|Monthly Tech-Tip |
In the youtube video (link below) a Karelian potter uses this technique to make cookware. He immerses pieces, while still hot from the bisque kiln, intp a bucket of milk. After a few seconds he withdraws them and they steam-dry quickly. I did not preheat these Plainsman L210 pieces, they were just bisque fired to 1850F. The Russian potter claims to milk-fire his ware to 300-350 degrees, assuming that is celsius I fired these at 500F/hr to 612F (350C), then held for 10 minutes. The surface is smooth and pleasant-to-touch, it is odor-free. The potter claims it retains this surface over many years despite repeated oven use. This clay body, L210, is well suited since it fires to a smooth unglazed surface. Indigenous cultures throughout history have learned how to prepare, cook and store food in terra cotta clays like this, they withstand thermal shock better than vitrified stonewares and porcelains. And continue to service even if they do crack.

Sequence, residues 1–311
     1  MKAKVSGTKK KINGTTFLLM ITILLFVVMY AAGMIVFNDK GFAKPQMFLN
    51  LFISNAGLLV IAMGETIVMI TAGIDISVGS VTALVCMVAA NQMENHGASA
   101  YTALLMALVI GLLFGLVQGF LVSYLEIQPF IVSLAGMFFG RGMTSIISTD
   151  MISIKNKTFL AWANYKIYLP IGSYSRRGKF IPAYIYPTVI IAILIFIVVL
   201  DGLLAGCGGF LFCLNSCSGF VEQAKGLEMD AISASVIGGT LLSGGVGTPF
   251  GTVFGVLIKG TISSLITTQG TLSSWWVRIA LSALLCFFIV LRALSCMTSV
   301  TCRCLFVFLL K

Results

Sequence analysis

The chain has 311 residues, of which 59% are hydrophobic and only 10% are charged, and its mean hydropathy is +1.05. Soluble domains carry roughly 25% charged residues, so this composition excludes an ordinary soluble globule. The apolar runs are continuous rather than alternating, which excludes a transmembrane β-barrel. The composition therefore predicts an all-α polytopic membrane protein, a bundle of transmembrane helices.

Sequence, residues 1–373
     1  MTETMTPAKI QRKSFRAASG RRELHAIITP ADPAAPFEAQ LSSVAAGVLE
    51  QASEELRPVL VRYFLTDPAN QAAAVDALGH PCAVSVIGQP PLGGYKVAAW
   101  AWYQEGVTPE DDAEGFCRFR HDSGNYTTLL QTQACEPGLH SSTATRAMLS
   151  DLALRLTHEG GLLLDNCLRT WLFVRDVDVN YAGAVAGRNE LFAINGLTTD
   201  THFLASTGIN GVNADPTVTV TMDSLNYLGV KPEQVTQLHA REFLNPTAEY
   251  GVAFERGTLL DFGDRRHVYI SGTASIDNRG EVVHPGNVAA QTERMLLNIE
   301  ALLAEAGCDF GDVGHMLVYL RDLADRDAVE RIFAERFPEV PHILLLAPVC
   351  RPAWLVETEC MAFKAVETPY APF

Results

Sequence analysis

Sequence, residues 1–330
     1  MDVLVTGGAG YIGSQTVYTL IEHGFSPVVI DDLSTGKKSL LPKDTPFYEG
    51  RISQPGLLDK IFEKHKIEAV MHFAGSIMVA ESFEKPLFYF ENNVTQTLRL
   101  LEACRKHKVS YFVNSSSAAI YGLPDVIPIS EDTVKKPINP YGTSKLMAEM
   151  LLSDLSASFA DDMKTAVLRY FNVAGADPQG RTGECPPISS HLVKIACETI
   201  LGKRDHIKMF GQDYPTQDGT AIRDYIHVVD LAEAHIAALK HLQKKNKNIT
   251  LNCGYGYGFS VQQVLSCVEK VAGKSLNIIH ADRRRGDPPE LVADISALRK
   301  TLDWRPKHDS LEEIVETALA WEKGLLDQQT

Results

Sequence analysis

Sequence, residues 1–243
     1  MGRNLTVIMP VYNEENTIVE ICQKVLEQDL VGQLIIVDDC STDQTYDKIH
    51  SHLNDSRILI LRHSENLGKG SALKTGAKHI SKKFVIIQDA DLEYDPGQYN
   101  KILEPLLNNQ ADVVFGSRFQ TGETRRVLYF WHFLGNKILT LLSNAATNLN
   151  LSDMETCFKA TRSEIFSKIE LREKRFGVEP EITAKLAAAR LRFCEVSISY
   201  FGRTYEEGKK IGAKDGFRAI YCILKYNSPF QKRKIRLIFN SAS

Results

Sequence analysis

The firing temperature: Both are fired at cone 04. Left: Zero4 porcelain, this fritware is totally dense and durable yet fired ten cones lower than typical. You can make it. As an appreciator of the process more than the product, just drinking out of this amazes me! Right: Milk glazed earthenware. The inside glaze, G1916Q, was fired onto L215 at cone 04. The 250F preheated mug was quickly dipped in milk after which it steam-dried. I then refired it at 610F to get this effect. To improve durability I dipped the outside in silicone sealant. The surface looks and feels like leather, drinking coffee out of this is an amazing experience!
Karelian potter produces glossy black pottery using milk as a glaze
Casein on Wikipedia
PolyWhey coatings by Vermont Natural Coatings
Using milk as a glaze
Don't just try this, go into it as a project with your eyes open to the issues you will meet.